7. The Day of Despair. Another film shown in Locarno, this world premiere was a curious yet compelling twilight work by the greatest of all Portuguese filmmakers, Manoel de Oliveira, none of whose films has ever been distributed in the States (though nearly all of them have shown in Chicago at one point or another—mainly at the Film Center and more recently at the Chicago International Film Festival). Now in his mid-80s, de Oliveira is the only working director I can think of who began his career during the silent era, but the modernism of The Day of Despair and most of his other work since the 70s shows that he is anything but old hat. Based on the correspondence of the famous and prolific Portuguese writer Camilo Castelo Branco (1825-1890) during the last years of his life, when he was going blind, this is a mellow chamber work about the inner struggle that eventually led to his suicide. Not a great work on the level of either Doomed Love (de Oliveira’s four-hour 1978 adaptation of Castelo Branco’s most famous novel) or Francisca (another de Oliveira feature about this writer’s life, made in 1981), this is still a stirring and serious film, considerably better than his Divine Comedy (1991), a painfully empty exercise shown at the Chicago festival this year. Let’s hope they remember The Day of Despair when the next festival rolls around.
8. BoulevardS du crépuscule. I can’t tell you why the S in “boulevards” is capitalized, but I can say that this hour-long essay by Paris-based Argentinean writer and filmmaker Edgardo Cozarinsky, which I saw in French in Locarno, is probably the best Cozarinsky film I’ve seen since his 1981 masterpiece One Man’s War. A reflective and personal piece of investigative reporting, it follows Cozarinsky’s recent return visit to Buenos Aires, where he searches out the sites of the lost movie theaters of his youth and researches the final days of two French actors who lived in that city—Falconetti, the unforgettable star of Carl Dreyer’s silent The Passion of Joan of Arc, and the supporting film actor and wartime collaborationist Robert Le Vigan. It’s quirky and fascinating, and I would love to see it again, preferably subtitled in English.
9. The Long Day Closes. Terence Davies’s exquisitely beautiful British feature, an autobiographical sequel to his magnificent Distant Voices, Still Lives set during the mid-1950s, was the very first film I saw at the Toronto film festival last fall, and I recall emerging from an early-morning screening with a slight sense of disappointment that it wasn’t more of a departure from—or development of—his previous masterpiece. But then I recalled that Distant Voices, Still Lives, as powerful as it is, didn’t yield everything the first time around, and I looked forward to seeing the film a second time when it came to Chicago. After all, every shot in a Davies film is a genuine artistic event, and art, unlike entertainment, occasionally requires something other than instant consumption and digestion.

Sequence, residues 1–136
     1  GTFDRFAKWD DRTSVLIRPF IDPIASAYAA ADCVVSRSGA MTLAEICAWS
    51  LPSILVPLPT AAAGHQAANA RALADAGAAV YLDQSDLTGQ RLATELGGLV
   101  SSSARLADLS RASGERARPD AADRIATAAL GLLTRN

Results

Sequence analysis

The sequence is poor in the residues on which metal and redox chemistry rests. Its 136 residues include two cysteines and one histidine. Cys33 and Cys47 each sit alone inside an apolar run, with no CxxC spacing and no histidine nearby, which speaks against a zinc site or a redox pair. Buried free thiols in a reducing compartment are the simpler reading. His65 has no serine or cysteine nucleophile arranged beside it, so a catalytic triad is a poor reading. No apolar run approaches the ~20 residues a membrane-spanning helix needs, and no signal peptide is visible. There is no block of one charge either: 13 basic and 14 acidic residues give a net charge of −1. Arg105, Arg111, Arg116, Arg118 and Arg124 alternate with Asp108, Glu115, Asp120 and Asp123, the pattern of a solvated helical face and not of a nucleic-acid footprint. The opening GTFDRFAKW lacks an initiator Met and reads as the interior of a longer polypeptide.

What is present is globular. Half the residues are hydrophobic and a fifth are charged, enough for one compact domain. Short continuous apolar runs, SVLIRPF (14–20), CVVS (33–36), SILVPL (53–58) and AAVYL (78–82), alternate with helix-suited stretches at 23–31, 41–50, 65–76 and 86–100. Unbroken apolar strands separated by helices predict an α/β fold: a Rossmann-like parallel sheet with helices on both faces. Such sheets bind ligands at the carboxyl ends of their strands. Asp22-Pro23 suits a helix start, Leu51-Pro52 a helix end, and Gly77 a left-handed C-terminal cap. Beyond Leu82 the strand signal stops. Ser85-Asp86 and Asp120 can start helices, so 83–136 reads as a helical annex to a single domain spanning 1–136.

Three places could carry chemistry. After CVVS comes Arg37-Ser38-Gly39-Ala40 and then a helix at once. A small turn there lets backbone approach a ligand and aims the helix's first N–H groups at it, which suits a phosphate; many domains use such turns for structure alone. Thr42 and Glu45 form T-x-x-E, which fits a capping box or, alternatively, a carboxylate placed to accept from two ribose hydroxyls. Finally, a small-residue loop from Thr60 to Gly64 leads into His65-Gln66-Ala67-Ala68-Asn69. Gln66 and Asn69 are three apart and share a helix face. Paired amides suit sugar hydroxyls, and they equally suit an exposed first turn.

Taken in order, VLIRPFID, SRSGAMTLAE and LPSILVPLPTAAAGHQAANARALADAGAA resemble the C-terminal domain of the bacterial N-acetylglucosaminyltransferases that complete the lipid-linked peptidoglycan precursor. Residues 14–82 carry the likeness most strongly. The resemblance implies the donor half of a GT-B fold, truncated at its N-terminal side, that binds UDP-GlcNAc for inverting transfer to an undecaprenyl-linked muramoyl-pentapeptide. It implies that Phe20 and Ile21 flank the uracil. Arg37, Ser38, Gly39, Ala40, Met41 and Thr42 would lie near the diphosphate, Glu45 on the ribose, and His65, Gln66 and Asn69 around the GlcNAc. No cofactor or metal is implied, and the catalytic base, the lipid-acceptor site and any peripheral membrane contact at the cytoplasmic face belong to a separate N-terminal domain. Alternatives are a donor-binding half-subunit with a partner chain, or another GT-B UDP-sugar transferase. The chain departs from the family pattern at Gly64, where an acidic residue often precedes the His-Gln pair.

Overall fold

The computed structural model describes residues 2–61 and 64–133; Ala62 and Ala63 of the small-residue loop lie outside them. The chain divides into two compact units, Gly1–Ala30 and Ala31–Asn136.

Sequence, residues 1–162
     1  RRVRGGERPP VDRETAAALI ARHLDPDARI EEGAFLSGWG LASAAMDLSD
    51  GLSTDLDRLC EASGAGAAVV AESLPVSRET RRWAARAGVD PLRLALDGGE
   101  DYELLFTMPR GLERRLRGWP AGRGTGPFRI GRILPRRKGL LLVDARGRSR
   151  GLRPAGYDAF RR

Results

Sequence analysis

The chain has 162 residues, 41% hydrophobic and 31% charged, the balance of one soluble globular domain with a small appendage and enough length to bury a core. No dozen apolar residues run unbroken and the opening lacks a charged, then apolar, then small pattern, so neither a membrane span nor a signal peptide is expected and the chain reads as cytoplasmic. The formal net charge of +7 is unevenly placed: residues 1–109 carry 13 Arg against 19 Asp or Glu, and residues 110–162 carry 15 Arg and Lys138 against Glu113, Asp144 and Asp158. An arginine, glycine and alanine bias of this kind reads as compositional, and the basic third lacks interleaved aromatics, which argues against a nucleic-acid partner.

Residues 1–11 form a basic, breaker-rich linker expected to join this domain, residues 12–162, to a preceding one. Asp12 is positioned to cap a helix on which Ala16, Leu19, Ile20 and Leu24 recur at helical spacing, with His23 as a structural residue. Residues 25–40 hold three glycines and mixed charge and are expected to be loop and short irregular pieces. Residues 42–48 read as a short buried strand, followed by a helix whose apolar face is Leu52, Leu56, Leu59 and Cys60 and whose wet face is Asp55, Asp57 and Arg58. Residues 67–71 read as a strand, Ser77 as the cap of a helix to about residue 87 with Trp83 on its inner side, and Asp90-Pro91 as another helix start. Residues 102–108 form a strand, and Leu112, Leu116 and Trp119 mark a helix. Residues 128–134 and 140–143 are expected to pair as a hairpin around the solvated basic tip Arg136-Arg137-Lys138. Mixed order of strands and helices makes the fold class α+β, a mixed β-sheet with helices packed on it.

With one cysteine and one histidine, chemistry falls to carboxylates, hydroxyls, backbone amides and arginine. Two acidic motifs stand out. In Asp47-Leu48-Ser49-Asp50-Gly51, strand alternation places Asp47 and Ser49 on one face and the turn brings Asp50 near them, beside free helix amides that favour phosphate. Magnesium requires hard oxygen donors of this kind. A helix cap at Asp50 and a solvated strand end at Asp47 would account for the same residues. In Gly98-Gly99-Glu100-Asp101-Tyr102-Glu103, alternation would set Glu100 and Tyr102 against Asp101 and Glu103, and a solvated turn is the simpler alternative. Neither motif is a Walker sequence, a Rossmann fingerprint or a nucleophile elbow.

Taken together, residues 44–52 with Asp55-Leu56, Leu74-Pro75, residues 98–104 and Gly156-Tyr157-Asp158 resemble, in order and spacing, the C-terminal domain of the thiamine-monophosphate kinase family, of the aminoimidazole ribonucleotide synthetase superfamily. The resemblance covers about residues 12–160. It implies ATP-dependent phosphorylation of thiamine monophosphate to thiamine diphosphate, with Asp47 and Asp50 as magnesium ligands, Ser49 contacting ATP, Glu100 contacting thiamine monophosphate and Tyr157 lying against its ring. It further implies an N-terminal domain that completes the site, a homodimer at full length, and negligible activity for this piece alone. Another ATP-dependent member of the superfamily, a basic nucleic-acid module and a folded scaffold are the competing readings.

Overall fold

But now it appears that, having failed to get into the New York film festival or to find a U.S. distributor, the film is not likely to reach this country anytime soon, unless the Film Center or Facets has the desire and wherewithal to book it. To my way of thinking, Davies is one of the key English filmmakers, living or dead, and anything he does is bound to be of major interest. I’d much rather see his new movie a second time than just about any Hollywood film released this year.
Like Distant Voices, Still Lives, The Long Day Closes is in no way esoteric or intellectual; the sheer emotional weight and the remarkable sense of economy and condensation in the images and sound are immediately communicated, and the only thing challenging about the film is its sheer intensity. But the fact that Davies doesn’t make conventional story films places him at an enormous disadvantage in relation to conventional art-house directors, whose films can be more easily synopsized, packaged, and promoted by distributors and reviewers. And, sad to say, most distributors and reviewers, because they’re concerned with matters of labels and descriptions, have little in common with the ordinary spectator. It irritates them that movies such as Davies’s exist and thereby confound the safe genre categories that legitimize everything from Unforgiven to Universal Soldier to The Distinguished Gentleman, and we all have to live with the consequences of that irritation.
10. Careful. The two previous features of Winnipeg weirdo Guy Maddin, Tales From the Gimli Hospital (1988) and Archangel (1990), have both made it to Chicago, and I suspect that this one, his first in color, will eventually wend its way to us as well, though it’s still hard to know when or how. Set in an alpine village where the people live so fearfully under the threat of avalanches that they speak in whispers, the film has much of the deadpan early-talkie texture of Maddin’s previous work, and the specifically Canadian aspects of his theme and story—involving incestuous longings and other perverse secrets along with an abnormal sense of caution—are even more apparent. Shot exclusively on studio sets that bear Maddin’s distinctive stamp, with an appropriately oddball cast that includes Jackie Burroughs and Australian director Paul Cox, this is a brand of serious nocturnal camp that would undoubtedly play well at midnight, and if we’re lucky it may get to Chicago in that kind of programming slot in 1993. For the time being it’s simply too strange and wonderful—too much like art, in spite of its considerable value as entertainment—to be treated with the respect and urgency automatically accorded Home Alone 2 or Toys.